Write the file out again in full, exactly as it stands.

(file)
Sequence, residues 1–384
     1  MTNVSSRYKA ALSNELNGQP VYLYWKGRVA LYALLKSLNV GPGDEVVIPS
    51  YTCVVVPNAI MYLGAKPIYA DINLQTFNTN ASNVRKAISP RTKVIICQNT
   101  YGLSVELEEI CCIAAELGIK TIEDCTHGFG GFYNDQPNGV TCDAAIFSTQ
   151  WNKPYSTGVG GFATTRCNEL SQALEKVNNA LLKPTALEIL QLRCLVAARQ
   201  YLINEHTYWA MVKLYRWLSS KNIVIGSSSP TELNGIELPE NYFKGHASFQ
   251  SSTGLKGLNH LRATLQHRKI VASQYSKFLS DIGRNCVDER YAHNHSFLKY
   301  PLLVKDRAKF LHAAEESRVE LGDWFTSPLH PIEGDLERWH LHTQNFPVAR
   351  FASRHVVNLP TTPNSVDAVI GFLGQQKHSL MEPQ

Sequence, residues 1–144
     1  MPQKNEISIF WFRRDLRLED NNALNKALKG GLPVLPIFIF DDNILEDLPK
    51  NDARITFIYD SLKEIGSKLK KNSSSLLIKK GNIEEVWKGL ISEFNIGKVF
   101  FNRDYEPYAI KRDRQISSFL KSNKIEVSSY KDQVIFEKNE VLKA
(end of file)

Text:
Sequence, residues 1–384
     1  MTNVSSRYKA ALSNELNGQP VYLYWKGRVA LYALLKSLNV GPGDEVVIPS
    51  YTCVVVPNAI MYLGAKPIYA DINLQTFNTN ASNVRKAISP RTKVIICQNT
   101  YGLSVELEEI CCIAAELGIK TIEDCTHGFG GFYNDQPNGV TCDAAIFSTQ
   151  WNKPYSTGVG GFATTRCNEL SQALEKVNNA LLKPTALEIL QLRCLVAARQ
   201  YLINEHTYWA MVKLYRWLSS KNIVIGSSSP TELNGIELPE NYFKGHASFQ
   251  SSTGLKGLNH LRATLQHRKI VASQYSKFLS DIGRNCVDER YAHNHSFLKY
   301  PLLVKDRAKF LHAAEESRVE LGDWFTSPLH PIEGDLERWH LHTQNFPVAR
   351  FASRHVVNLP TTPNSVDAVI GFLGQQKHSL MEPQ

Sequence, residues 1–144
     1  MPQKNEISIF WFRRDLRLED NNALNKALKG GLPVLPIFIF DDNILEDLPK
    51  NDARITFIYD SLKEIGSKLK KNSSSLLIKK GNIEEVWKGL ISEFNIGKVF
   101  FNRDYEPYAI KRDRQISSFL KSNKIEVSSY KDQVIFEKNE VLKA